Effects on beta-hydroxy-beta-methylbutyrate (HMB) on exercise levels of age, sex and training experience: A review

Division of Nutritional Sciences, University of Illinois, Urbana, Illinois, USA. .
Nutrition & Metabolism (Impact Factor: 3.26). 02/2008; 5(1):1. DOI: 10.1186/1743-7075-5-1
Source: PubMed


The leucine metabolite beta-hydroxy-beta-methylbutyrate (HMB) has been extensively used as an ergogenic aid; particularly among bodybuilders and strength/power athletes, who use it to promote exercise performance and skeletal muscle hypertrophy. While numerous studies have supported the efficacy of HMB in exercise and clinical conditions, there have been a number of conflicting results. Therefore, the first purpose of this paper will be to provide an in depth and objective analysis of HMB research. Special care is taken to present critical details of each study in an attempt to both examine the effectiveness of HMB as well as explain possible reasons for conflicting results seen in the literature. Within this analysis, moderator variables such as age, training experience, various states of muscle catabolism, and optimal dosages of HMB are discussed. The validity of dependent measurements, clustering of data, and a conflict of interest bias will also be analyzed. A second purpose of this paper is to provide a comprehensive discussion on possible mechanisms, which HMB may operate through. Currently, the most readily discussed mechanism has been attributed to HMB as a precursor to the rate limiting enzyme to cholesterol synthesis HMG-coenzyme A reductase. However, an increase in research has been directed towards possible proteolytic pathways HMB may operate through. Evidence from cachectic cancer studies suggests that HMB may inhibit the ubiquitin-proteasome proteolytic pathway responsible for the specific degradation of intracellular proteins. HMB may also directly stimulate protein synthesis, through an mTOR dependent mechanism. Finally, special care has been taken to provide future research implications.

Download full-text


Available from: Jacob M Wilson
  • Source
    • "The leucine metabolite, β-hydroxy-β-methylbutyrate (HMB) has been shown to improve satellite cell proliferation (Moore et al., 2005), reduce protein catabolism during disease, reduce muscle loss during disuse, and promote skeletal muscle hypertrophy in response to loading exercise (Wilson et al., 2008; Holecek et al., 2009; Aversa et al., 2011). We have previously shown that HMB could improve muscle recovery in old rats with sarcopenia that had been subjected to unloading, in part via an increase in satellite cell proliferation and a reduction of nuclear apoptosis (Hao et al., 2011). "
    [Show abstract] [Hide abstract]
    ABSTRACT: The mechanisms contributing to sarcopenia include reduced satellite cell (myogenic stem cell) function that is impacted by the environment (niche) of these cells. Satellite cell function is affected by oxidative stress, which is elevated in aged muscles, and this along with changes in largely unknown systemic factors, likely contribute to the manner in which satellite cells respond to stressors such as exercise, disuse, or rehabilitation in sarcopenic muscles. Nutritional intervention provides one therapeutic strategy to improve the satellite cell niche and systemic factors, with the goal of improving satellite cell function in aging muscles. Although many elderly persons consume various nutraceuticals with the hope of improving health, most of these compounds have not been thoroughly tested, and the impacts that they might have on sarcopenia and satellite cell function are not clear. This review discusses data pertaining to the satellite cell responses and function in aging skeletal muscle, and the impact that three compounds: resveratrol, green tea catechins, and β-Hydroxy-β-methylbutyrate have on regulating satellite cell function and therefore contributing to reducing sarcopenia or improving muscle mass after disuse in aging. The data suggest that these nutraceutical compounds improve satellite cell function during rehabilitative loading in animal models of aging after disuse (i.e., muscle regeneration). While these compounds have not been rigorously tested in humans, the data from animal models of aging provide a strong basis for conducting additional focused work to determine if these or other nutraceuticals can offset the muscle losses, or improve regeneration in sarcopenic muscles of older humans via improving satellite cell function.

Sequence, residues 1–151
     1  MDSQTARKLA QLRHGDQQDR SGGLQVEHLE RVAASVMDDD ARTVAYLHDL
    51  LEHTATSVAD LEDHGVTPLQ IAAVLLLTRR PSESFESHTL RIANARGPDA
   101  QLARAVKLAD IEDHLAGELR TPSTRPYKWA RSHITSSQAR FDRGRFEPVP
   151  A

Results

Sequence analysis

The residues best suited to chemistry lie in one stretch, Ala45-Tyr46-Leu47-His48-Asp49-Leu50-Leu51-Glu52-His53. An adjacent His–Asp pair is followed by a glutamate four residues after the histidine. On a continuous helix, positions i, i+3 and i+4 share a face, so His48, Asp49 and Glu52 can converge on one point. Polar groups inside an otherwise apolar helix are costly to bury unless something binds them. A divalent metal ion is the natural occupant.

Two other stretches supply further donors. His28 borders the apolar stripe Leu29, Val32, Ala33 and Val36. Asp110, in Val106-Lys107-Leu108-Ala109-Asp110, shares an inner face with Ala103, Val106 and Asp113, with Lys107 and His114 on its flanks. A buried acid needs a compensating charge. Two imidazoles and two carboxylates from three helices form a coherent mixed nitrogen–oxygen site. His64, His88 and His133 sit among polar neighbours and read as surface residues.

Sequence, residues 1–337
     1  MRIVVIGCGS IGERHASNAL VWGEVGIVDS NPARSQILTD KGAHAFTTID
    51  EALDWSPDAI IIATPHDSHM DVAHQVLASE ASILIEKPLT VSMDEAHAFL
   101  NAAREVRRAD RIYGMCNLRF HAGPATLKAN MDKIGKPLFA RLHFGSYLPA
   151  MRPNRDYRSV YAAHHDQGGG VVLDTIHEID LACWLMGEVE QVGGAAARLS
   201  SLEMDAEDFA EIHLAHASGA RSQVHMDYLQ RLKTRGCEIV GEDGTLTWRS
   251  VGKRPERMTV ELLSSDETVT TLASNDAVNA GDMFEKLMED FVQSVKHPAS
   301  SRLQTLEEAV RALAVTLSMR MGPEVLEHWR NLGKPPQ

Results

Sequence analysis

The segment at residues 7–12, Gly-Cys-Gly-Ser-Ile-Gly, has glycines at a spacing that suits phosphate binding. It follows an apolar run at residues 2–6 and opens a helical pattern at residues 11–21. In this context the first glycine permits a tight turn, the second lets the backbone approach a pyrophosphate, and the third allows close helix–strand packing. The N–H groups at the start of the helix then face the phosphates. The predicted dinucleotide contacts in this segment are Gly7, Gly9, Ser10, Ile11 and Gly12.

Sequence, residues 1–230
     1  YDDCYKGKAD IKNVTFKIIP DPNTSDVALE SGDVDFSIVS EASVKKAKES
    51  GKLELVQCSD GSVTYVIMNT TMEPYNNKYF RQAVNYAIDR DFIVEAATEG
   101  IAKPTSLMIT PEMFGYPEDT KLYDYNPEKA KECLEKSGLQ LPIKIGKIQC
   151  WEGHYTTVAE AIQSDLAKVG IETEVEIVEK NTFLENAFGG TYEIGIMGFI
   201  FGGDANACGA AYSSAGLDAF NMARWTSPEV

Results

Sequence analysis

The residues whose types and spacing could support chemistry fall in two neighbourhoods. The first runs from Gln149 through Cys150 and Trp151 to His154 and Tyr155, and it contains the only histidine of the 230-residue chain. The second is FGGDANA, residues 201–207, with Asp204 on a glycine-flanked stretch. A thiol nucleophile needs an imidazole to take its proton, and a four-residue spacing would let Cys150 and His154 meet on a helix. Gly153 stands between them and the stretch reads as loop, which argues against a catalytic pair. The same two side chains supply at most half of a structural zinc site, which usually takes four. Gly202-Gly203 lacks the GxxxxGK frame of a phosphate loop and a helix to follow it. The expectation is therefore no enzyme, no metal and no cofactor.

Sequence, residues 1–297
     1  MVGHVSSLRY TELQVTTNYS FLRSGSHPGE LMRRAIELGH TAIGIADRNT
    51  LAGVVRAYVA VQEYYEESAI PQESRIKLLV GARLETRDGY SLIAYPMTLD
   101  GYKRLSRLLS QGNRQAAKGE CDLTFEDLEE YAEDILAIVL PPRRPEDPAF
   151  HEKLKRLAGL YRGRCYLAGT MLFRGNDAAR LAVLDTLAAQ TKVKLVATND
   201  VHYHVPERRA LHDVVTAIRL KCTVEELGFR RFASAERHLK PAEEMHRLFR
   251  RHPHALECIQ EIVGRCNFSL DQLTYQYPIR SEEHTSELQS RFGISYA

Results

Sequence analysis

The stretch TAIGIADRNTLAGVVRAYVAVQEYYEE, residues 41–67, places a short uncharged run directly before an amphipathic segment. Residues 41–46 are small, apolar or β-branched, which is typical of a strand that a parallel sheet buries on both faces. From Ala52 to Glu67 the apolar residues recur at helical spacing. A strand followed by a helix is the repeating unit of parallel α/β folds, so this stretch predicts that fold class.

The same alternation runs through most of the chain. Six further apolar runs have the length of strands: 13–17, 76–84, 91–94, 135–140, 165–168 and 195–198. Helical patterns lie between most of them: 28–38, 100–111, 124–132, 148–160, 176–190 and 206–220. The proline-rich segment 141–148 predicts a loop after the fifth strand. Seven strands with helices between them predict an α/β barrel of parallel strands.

Full-text · Article · Sep 2014 · Frontiers in Aging Neuroscience
  • Source
    • "Interestingly, while myotubes treated with MSTN only showed a significant decrease in myotube diameter, this effect was reversed in all three treatment groups (MSTN + Leu, MSTN + HMB, and MSTN + Crea). There is ample evidence to suggest that leucine and HMB are able to increase muscle protein synthesis in vitro and in vivo[26,27,45,46]. Thus, it is difficult to reconcile why MSTN + Leu and MSTN + HMB treatments in the current study did not statistically increase muscle protein synthesis compared to DM/CTL myotubes. "